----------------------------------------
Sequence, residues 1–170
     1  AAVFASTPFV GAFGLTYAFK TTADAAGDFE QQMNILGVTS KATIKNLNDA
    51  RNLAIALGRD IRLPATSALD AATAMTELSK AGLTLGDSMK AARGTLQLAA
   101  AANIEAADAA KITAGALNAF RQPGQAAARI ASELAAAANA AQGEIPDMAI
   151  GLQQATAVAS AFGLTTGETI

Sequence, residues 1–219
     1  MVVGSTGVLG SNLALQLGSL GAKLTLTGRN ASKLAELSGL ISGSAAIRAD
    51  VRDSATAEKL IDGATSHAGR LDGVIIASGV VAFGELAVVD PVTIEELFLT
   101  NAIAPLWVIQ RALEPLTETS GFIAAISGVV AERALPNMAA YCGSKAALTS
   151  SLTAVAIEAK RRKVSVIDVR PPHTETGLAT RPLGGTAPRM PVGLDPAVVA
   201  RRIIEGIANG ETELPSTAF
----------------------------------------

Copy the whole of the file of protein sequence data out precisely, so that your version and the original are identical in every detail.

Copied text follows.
Sequence, residues 1–170
     1  AAVFASTPFV GAFGLTYAFK TTADAAGDFE QQMNILGVTS KATIKNLNDA
    51  RNLAIALGRD IRLPATSALD AATAMTELSK AGLTLGDSMK AARGTLQLAA
   101  AANIEAADAA KITAGALNAF RQPGQAAARI ASELAAAANA AQGEIPDMAI
   151  GLQQATAVAS AFGLTTGETI

Sequence, residues 1–219
     1  MVVGSTGVLG SNLALQLGSL GAKLTLTGRN ASKLAELSGL ISGSAAIRAD
    51  VRDSATAEKL IDGATSHAGR LDGVIIASGV VAFGELAVVD PVTIEELFLT
   101  NAIAPLWVIQ RALEPLTETS GFIAAISGVV AERALPNMAA YCGSKAALTS
   151  SLTAVAIEAK RRKVSVIDVR PPHTETGLAT RPLGGTAPRM PVGLDPAVVA
   201  RRIIEGIANG ETELPSTAF